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A Magnetic Hourglass Detection for a Low-Mass Protostar
By Elena Redaelli and Joan Schmelz
Paper: Magnetic Properties of the Protostellar Core IRAS 15398-3359
E. Redaelli, et al., 2019 A&A, 631, A154.
Magnetic fields (B) are ubiquitous in interstellar space, and their role in the star-formation process is of fundamental importance. However, how they interplay with other important forces — such as gravity and turbulence — are topics currently under great debate. At the scales of dense cores (fractions of parsec), the theory of magnetically-driven collapse in a uniform field predicts first the formation of a flattened structure (a pseudodisc), since the matter can only flow along the field lines; later, the gravitational pull grows strong enough to pinch the field lines, giving rise to a characteristic hourglass shape. However, such a feature has been observed only rarely, especially in low-mass objects, for which there are only two clear detections reported in the literature.
Magnetic fields are difficult to detect, but the High-resolution Airborne Wideband Camera Plus (HAWC+) on SOFIA observes polarized dust emission at far-infrared wavelengths that are not accessible from the ground. The dust particles are predicted to align with the local magnetic field, giving rise to thermal radiation polarized perpendicularly with respect to B.
As part of its southern deployment to New Zealand in 2018, SOFIA sought to study the initial stages of low-mass star formation in a highly magnetized environment. HAWC+ targeted the low-mass protostellar core IRAS 15398-3359, which hosts a protostar younger than 104 yr. It is embedded in the Lupus I molecular cloud, the least evolved component of the Lupus complex.
Previous optical polarimetry of this cloud, which traces the low-density cloud-scale magnetic field, revealed a uniform strength of B ≈ 100 µm and a field structure aligned perpendicularly to the main axis of the cloud. We obtained new polarimetric HAWC+ data at 214 µm.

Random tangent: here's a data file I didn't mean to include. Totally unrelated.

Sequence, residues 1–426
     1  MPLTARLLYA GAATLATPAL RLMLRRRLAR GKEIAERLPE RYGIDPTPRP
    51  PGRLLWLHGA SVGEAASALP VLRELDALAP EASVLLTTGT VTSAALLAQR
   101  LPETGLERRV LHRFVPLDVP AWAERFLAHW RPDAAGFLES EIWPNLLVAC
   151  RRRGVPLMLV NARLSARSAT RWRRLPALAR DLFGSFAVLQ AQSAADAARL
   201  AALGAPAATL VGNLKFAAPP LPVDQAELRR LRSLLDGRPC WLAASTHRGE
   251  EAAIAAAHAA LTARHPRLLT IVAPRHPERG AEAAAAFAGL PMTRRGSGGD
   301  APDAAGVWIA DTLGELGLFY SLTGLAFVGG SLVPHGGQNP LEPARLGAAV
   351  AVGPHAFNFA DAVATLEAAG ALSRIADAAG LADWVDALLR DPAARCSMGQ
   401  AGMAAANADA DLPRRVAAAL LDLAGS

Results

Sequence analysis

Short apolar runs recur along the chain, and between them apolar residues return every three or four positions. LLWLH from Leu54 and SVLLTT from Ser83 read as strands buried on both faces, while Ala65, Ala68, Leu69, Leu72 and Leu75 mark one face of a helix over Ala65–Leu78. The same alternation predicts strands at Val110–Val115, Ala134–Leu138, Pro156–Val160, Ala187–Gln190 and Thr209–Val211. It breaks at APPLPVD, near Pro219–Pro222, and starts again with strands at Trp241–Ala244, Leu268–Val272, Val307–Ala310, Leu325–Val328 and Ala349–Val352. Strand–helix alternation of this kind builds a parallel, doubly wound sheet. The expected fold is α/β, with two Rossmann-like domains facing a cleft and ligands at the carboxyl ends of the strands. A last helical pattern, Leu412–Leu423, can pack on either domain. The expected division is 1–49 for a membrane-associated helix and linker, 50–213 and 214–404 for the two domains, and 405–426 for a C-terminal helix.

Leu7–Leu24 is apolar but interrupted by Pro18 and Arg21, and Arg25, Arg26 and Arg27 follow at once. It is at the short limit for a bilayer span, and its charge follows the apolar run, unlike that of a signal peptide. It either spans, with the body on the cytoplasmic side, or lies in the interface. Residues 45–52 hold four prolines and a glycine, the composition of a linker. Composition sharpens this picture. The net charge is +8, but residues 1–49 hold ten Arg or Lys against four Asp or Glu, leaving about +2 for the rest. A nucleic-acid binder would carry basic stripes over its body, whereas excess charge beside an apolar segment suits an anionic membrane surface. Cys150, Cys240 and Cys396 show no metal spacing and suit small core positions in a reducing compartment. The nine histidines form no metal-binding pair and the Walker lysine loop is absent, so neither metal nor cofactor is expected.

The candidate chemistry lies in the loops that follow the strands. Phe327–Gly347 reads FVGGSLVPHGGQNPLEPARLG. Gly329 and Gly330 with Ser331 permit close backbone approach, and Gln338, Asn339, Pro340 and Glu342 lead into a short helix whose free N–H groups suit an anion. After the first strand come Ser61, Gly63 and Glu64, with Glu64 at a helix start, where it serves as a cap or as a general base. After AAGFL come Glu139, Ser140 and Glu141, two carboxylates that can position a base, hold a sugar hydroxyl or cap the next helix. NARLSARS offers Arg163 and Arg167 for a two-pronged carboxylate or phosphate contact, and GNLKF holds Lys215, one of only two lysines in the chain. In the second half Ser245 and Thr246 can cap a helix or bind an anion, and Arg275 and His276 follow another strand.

The optical and far-infrared polarization vectors both trace a common direction indicating that the core preserved the magnetic field morphology inherited by the parental cloud while it was evolving and contracting. The far-infrared data close to the central protostar reveal a uniform field that is roughly aligned with the outflow direction, as predicted by the theory of magnetically-driven collapse. However, on the south-east side of the core, the field lines pinch inward, unveiling a (partial) hourglass shape. This is not detected on the other side, possibly due to limited sensitivity. If confirmed by further, deeper observations, this would represent the first hourglass shape detected by SOFIA in the low-mass regime.
A statistical technique known as angular dispersion function analysis was used to determine the ratio of the turbulent (Bt) to uniform (B0) field. The result, Bt/B0 = 0.267 ± 0.007, confirms that the uniform component dominates. We can also derive the plane-of-sky projection of the field strength, BPOS = 78 µG. We also computed the gravitational-to-magnetic energy ratio, λ = 0.95. This is close to the energy balance regime (λ = 1), most likely arising from an average between the innermost part of the core, where gravity has already taken over leading to the protostar formation (λ > 1.0), and the outskirt medium, which could be still in a subcritical state (λ < 1.0).
The SOFIA results indicate that IRAS 15398-3359 evolved in a highly magnetized environment and that the ordered magnetic field was preserved from cloud scales down to core scales. For the future, we plan to analyze spectroscopic observations already collected with the Atacama Pathfinder EXperiment (APEX) in order to derive the kinematic properties of the source. These data will help us answer key questions focusing on the interaction between the magnetic field structure and the gas dynamics.